The Role of the Noon Sight

While John Harrison developed a viable marine chronometer in 1759, for the next hundred years or so a chronometer could cost as much as the rest of the ship combined. Consequently, the noon sight — which does not require an accurate clock to execute — remained hugely popular. Even into the 20th century, getting accurate time at sea was something of a challenge, particularly for small boat sailors.

Sextants were perfected around 1920 with the development of the drum-micrometer instrument. But there were other pieces that needed to come into play before the St. Hilaire method — published in 1885 — could reach its potential.

Between them, Sony, WWV, the post-war computing boom, and Seiko ushered in the modern era of celestial navigation. In a way that seems rather foreign to us today, this was a period when any vessel that sailed out of the sight of land had a sextant on board, and somebody who knew how to use it. And even the captain of a 27 foot yacht (if he hadn't yet bought his quartz wristwatch) could tune into WWV twice a day to calibrate his on-board timepiece. The 70's and 80's became something of a golden age for celestial navigation as the St. Hilaire method of sight reduction finally came into its own.

In 1972, there were 654 active ships in the U.S. Navy. This probably means the Navy had at least two and a half thousand active celestial navigators at any one time. So the editors of the 1977 edition of Bowditch had an enormous resevoir of talent to draw on — both trainers and do-ers — as it sought to present "best practices" in celestial navigation. Here is what they said about the noon sight (p. 560):

As accurate time became available at sea, and then more convenient tables and more accurate almanacs appeared, the noon sight lost its importance. Since the modern inspection table has been available, the use of meridian altitudes has decreased rapidly, and reduction to the meridian has all but disappeared.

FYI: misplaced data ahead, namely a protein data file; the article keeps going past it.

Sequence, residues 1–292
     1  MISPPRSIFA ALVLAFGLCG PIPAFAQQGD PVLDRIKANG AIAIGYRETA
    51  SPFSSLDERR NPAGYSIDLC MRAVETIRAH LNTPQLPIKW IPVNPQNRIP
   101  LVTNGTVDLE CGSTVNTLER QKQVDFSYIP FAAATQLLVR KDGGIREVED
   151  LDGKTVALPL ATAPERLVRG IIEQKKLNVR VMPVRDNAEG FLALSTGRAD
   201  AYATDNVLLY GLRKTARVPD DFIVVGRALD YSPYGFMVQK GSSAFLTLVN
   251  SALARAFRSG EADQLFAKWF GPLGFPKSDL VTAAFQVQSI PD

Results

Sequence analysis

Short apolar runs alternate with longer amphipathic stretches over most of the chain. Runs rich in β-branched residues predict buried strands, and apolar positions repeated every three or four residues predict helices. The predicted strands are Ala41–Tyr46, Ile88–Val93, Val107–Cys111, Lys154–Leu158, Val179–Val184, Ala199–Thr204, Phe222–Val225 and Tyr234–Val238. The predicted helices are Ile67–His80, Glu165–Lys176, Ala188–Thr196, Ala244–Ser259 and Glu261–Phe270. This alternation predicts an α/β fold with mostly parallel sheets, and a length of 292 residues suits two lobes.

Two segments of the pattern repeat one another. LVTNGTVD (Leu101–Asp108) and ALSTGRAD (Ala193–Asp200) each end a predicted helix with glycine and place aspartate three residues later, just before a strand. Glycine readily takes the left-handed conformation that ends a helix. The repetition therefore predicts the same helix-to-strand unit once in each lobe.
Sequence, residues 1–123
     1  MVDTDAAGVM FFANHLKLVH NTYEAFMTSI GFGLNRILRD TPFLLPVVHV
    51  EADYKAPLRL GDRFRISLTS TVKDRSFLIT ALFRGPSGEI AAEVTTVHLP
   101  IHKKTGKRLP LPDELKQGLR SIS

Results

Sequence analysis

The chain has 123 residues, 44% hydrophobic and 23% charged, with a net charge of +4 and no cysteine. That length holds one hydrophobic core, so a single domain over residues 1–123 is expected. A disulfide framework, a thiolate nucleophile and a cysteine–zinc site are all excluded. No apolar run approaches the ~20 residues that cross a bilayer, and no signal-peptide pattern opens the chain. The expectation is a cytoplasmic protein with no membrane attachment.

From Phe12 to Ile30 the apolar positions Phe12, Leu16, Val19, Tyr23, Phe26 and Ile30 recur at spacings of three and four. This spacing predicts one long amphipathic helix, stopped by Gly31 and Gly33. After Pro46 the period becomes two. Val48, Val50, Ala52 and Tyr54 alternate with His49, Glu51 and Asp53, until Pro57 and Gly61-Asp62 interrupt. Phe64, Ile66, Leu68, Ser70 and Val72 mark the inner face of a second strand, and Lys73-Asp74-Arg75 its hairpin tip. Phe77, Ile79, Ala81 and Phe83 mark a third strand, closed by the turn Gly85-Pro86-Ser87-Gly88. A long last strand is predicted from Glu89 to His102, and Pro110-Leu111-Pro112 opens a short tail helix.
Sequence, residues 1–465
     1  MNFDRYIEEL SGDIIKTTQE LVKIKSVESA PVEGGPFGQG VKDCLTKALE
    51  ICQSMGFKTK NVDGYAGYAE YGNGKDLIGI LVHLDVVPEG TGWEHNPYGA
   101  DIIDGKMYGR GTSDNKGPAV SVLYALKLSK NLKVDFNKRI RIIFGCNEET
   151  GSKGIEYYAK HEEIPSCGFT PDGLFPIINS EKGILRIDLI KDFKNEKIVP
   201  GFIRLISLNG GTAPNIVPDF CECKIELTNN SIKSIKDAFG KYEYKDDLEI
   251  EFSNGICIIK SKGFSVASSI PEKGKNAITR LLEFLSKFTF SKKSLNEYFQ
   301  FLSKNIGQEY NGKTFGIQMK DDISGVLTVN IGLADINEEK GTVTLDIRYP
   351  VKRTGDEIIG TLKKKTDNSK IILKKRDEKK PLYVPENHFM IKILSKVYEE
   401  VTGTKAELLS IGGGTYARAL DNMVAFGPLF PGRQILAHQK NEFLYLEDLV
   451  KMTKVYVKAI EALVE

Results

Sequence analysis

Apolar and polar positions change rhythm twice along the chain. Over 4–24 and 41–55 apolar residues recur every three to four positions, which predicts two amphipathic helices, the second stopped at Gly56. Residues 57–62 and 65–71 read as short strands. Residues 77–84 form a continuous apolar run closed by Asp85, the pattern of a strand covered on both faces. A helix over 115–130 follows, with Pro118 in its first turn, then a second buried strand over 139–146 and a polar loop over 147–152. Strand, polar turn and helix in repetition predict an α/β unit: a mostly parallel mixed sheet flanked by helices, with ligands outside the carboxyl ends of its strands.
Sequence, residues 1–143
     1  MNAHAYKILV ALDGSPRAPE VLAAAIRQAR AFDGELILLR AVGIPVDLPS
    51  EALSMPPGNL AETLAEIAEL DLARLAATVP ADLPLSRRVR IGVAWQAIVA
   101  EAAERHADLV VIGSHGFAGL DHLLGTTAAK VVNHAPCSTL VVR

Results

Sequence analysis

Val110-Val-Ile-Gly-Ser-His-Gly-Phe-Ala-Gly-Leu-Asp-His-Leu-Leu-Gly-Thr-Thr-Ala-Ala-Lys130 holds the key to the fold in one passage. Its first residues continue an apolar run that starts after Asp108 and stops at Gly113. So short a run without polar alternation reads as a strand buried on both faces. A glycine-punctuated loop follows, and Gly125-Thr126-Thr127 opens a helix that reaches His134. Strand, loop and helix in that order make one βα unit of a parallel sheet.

The solution of a meridian altitude is simple and quick, but this is more than offset by:

The practice of observing a body when a line of position is desired, and solving those which happen to have a meridian angle of 0° or 180° in the same manner as other observations, is a growing practice that eliminates the need for remembering a separate procedure for bodies on the celestial meridian.

The modern navigator thinks primarily in terms of lines of position, rather than of latitude and longitude observations.

Frank Reed is the moderator of NavList — the web "home" of many people with a passion for celestial navigation. He indicates here (retrieved 2018 Feb. 15) that our understanding about what was considered "best practices" are correct.

...In the late 20th century, navigators were taught that Noon Sun sights were pointless.... there's nothing useful in a Noon Sun sight. It's just another sight, they were taught. They all yield lines of position. So ignore the noon sight!

Frank has a continuing passion for the noon sight. But the history of how celestial navigation was instructed in the 20th century is clear.

In 1995, the GPS system became fully operational...and the number of celestial navigators in the world immediately began to plummet.

In our own century, when celestial navigation is more a hobby than a necessity, noon and Polaris sights seem to have made a sort of comeback. Oddly enough, in the Sail Canada celestial exam, 29% of the exam's points are related to noon and Polaris sights.

Whether Sail Canada has tapped into the 21st century nostalgia for pre-modern celestial navigation, or whether they were simply passed by when the best practices of the modern era became current is difficult to say.

It is certainly true that if you have an accurate timepiece aboard, and if you are willing to spend 30 minutes before your estimated local apparent noon (LAN) taking sextant shots, and continue shooting for 30 minutes after LAN, you can plot your shots on graph paper and get a pretty accurate idea of when LAN occurred. From this, you can come up with a fairly good idea of your longitude, to go along with your latitude.

Latitude determination is easy. See footnote below for the unexpected complexity of getting a good longitude with this method.

In this course, however, I have chosen to adopt the primary celestial strategy that was used by working navigators from 1966-95. Part of the reason for using an older textbook — Budlong, written in 1978 — is that it comes from the same navigational milieu as Bowditch '77.